The same thing happened, when, threats failing, I took to pelting the dauntless creatures with sticks and clods. Tulip, accustomed to having things thrown for her to retrieve, instantly flew off to retrieve them, and earned another, [sic] slap when she playfully returned with the stick in her mouth and sundry dogs clinging to her bottom. Whatever she did, in short, was wrong, and soon she herself was in such a state of hysterical confusion that she no longer knew what she did, but, with all the intelligence gone out of her eyes and succeeded by a flat, insensitive, mad look, would jump up at me to seize the missile before I threw it, and even when I had nothing to throw, tearing my clothes or my flesh with her teeth.

not cool, ackerley!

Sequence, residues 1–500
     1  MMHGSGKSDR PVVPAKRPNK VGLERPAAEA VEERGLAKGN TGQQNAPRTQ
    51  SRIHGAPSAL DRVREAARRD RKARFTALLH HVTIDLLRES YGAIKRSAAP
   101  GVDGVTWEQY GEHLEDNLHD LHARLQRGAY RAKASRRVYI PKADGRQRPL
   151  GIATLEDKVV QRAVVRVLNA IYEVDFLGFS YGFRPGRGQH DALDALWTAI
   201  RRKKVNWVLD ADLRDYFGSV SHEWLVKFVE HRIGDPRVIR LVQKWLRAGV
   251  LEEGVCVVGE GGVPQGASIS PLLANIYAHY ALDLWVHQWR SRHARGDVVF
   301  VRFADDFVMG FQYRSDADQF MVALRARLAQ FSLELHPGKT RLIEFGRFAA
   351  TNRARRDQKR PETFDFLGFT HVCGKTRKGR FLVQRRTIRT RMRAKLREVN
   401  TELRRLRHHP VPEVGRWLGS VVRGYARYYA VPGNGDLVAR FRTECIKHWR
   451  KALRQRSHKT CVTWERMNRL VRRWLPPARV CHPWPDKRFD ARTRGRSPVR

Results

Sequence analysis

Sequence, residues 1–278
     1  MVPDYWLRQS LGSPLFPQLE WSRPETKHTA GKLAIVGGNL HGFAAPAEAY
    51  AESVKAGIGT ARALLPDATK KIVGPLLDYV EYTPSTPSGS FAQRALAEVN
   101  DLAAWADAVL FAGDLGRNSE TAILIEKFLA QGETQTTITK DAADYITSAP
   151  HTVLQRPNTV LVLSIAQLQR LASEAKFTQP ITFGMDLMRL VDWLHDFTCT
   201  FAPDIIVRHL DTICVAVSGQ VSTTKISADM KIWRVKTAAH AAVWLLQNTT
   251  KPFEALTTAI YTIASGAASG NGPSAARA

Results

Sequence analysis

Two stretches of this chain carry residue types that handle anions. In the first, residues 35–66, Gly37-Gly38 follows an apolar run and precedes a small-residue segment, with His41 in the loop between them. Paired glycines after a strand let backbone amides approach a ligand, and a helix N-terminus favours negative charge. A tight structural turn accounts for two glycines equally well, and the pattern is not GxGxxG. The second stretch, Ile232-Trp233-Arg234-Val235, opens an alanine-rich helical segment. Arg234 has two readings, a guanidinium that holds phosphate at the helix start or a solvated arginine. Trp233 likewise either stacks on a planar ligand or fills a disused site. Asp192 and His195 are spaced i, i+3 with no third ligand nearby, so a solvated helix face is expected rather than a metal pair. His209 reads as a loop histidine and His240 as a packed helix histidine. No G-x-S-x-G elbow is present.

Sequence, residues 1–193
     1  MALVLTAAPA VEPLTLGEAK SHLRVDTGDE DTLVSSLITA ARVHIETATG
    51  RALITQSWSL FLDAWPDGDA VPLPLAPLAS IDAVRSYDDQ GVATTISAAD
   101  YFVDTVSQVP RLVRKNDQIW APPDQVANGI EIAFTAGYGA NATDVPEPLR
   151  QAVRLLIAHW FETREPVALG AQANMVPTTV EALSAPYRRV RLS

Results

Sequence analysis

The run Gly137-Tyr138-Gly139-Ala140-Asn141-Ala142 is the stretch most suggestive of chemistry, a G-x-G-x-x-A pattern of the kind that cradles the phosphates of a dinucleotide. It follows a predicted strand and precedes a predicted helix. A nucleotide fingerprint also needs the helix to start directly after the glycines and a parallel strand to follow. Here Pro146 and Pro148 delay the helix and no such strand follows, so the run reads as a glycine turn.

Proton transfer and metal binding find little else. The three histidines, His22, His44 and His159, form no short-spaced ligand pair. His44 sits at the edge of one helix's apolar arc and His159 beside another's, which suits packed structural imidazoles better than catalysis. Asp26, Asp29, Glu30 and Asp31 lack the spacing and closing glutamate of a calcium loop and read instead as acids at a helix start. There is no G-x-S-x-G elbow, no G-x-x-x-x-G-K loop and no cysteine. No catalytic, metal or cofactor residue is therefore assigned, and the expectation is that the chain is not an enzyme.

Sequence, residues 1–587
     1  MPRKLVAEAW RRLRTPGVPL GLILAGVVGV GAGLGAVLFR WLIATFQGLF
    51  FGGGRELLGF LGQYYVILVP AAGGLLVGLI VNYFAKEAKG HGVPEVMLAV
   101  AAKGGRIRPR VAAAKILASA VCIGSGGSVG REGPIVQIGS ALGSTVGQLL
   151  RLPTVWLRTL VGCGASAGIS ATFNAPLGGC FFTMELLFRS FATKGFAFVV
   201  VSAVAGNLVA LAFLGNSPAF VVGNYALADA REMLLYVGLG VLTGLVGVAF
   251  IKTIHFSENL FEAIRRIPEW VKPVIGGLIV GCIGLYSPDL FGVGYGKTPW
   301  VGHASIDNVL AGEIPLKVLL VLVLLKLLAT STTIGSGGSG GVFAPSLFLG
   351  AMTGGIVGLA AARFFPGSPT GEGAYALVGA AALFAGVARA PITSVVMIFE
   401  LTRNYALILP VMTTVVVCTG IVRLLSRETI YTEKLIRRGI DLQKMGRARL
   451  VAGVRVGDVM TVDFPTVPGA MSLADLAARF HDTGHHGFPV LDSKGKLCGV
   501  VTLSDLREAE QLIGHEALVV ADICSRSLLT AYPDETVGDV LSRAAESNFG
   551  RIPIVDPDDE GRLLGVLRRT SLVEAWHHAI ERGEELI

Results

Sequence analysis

acknowledging the serious diseases and conditions that affect purebred dogs while still insisting that tulip be bred to another pedigreed german shepherd is another bewildering decision ackerley makes. although that decision is perhaps explained by the fact that he never planned on allowing the puppies that grew inside his beloved tulip to live for very long. oh, did i not mention that part? yeah, because while ackerley is very gallant about tulip being allowed to live a full life, preventing her from being spayed so she can ‘experience motherhood,’ what he really means by “motherhood” is “pregnancy.” because moments after tulip pushes out her pups, while they are still sticky and squirming with tiny closed eyes, ackerley is off in the bathroom getting ready to drown them. okay okay, that’s an exaggeration, he’s only intending to drown the bitch pups and find homes for the boys. he does not go through with this plan, and ends up finding homes for all of them (even though most of them don’t live long in these new homes), but the fact that this was his original plan and that he was close to following through on it is enough to piss me off.